Thursday, May 8, 2014

Enrollment in the Utah Medicaid Autism Waiver program is open until May 18th

With the passage of HB88, the Medicaid Autism Waiver is no longer a pilot, but is a permanent waiver program.

The program is currently accepting applications until May 18, 2014.  Applying is easy and can be done on-line here.  If you know someone whose child might qualify, please let them know about the program.
Program Information
  • The Medicaid Autism Waiver is a program to assist children age 2 through 6 who have been diagnosed with an autism spectrum disorder (ASD)
  • The waiver provides in-home services using treatment methods that have been proven to be effective for children with ASD
  • Approximately 290 children will be served by the Medicaid Autism Waiver each year
  • Openings on the waiver are distributed based on geographical areas within the state using population figures from the 2010 US Census (ex. If an area contains 10% of the state population, it will receive 10% of the waiver openings.)

Requirements
  • Be between 2 and 6 years of age
  • Have an Autism Spectrum Disorder diagnosis from a clinician who is authorized within the scope of their licensure
  • Only the child’s income and assets are used to determine eligibility for the program
  • All other factors of Medicaid eligibility must be met (ex. US Citizen or qualified alien, etc.)

Thank you, Representative Menlove, for sponsoring HB88.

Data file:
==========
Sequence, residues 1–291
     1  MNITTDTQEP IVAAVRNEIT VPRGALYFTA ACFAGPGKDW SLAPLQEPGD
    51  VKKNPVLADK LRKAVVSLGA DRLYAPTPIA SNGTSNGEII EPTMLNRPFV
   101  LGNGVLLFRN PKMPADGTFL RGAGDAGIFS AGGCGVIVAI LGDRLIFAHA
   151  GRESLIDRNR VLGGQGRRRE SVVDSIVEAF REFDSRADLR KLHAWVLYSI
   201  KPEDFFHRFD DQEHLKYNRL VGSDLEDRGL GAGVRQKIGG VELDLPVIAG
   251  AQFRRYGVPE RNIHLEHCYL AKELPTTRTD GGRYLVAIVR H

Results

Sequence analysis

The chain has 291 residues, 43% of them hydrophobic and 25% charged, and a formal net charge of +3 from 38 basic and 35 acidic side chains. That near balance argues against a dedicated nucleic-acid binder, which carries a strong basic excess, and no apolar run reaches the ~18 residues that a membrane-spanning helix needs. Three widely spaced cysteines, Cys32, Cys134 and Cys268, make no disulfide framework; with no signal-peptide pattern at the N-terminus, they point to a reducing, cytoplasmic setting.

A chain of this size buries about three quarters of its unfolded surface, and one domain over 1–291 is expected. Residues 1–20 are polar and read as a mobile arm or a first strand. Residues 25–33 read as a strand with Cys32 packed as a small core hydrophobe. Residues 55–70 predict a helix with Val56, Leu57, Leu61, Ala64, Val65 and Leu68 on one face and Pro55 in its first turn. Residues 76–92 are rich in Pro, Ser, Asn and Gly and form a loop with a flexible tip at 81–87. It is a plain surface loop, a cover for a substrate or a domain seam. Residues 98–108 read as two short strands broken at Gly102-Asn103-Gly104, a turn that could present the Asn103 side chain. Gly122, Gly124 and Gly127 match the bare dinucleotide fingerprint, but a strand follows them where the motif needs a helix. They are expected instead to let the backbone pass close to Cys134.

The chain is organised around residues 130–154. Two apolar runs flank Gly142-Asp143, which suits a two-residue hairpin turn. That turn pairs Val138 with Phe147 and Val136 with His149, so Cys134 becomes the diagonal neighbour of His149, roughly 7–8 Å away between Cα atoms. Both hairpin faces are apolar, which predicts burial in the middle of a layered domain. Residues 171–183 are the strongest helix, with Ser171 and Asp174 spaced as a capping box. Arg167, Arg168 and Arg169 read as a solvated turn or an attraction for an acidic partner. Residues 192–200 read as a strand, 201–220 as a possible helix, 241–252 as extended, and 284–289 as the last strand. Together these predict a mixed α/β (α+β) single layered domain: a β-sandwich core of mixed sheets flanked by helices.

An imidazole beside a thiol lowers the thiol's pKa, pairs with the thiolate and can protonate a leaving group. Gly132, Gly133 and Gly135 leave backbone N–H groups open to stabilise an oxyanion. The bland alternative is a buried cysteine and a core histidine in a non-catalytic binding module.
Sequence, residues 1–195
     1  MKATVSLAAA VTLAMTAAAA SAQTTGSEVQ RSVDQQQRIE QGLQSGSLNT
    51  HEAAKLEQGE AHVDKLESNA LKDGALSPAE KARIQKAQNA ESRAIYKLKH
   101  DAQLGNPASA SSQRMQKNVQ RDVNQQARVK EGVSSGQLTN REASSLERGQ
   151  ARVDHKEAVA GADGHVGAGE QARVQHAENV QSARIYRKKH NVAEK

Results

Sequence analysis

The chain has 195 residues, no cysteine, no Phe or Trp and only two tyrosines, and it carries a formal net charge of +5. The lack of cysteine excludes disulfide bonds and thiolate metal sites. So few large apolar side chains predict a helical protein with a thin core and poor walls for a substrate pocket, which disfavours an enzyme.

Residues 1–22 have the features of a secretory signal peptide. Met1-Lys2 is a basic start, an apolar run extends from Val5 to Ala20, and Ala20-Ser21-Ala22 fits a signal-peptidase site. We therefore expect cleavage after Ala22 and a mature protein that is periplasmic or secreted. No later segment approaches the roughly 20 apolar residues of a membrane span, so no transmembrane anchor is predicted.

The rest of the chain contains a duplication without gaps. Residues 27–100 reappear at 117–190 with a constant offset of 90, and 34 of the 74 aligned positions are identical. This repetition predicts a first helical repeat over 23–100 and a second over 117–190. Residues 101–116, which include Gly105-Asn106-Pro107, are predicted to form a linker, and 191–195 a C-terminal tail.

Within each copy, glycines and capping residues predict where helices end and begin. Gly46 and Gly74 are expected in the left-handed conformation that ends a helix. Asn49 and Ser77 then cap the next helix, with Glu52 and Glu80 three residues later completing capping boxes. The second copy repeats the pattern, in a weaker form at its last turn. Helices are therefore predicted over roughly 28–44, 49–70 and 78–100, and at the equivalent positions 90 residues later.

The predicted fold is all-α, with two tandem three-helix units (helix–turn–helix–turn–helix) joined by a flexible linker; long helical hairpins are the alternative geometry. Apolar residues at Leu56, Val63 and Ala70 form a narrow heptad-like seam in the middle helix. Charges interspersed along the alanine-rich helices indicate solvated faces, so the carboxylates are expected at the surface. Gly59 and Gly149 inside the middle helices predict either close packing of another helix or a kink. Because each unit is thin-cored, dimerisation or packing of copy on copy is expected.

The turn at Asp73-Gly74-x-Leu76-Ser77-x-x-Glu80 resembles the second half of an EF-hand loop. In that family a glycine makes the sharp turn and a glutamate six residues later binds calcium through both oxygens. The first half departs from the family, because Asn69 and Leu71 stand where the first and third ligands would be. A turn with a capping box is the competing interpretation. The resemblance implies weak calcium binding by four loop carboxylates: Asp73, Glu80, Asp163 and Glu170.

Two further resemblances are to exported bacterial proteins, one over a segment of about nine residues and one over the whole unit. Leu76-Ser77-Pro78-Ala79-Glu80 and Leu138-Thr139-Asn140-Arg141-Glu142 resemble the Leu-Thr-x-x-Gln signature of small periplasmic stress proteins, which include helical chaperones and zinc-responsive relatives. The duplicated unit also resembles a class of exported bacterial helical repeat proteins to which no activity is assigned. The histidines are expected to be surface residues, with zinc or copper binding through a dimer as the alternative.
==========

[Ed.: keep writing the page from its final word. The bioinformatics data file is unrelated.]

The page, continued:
Wednesday, April 16, 2014

A Message from Representative Jim Matheson




Dear Friend,
Recently, the Centers for Disease Control and Prevention (CDC) issued a new report, once again, placing Utah’s Autism rate above the national average. The report identifies one in 54 Utah children with autism, whereas the national average is one in 68. Nationally,boys are five times more likely to be identified with autism than girls.
Early detection of autism can be crucial for intervention and treatment, as early treatment can dramatically improve outcomes. Some early signs of potential autism that parents may want to look for include:
• No big smiles or other warm, joyful expressions by six months or thereafter
• No back-and-forth sharing of sounds, smiles or other facial expressions by nine months
• No babbling by 12 months
• No back-and-forth gestures such as pointing, showing, reaching or waving by 12 months
• No words by 16 months
• No meaningful, two-word phrases (not including imitating or repeating) by 24 months
• Any loss of speech, babbling or social skills at any age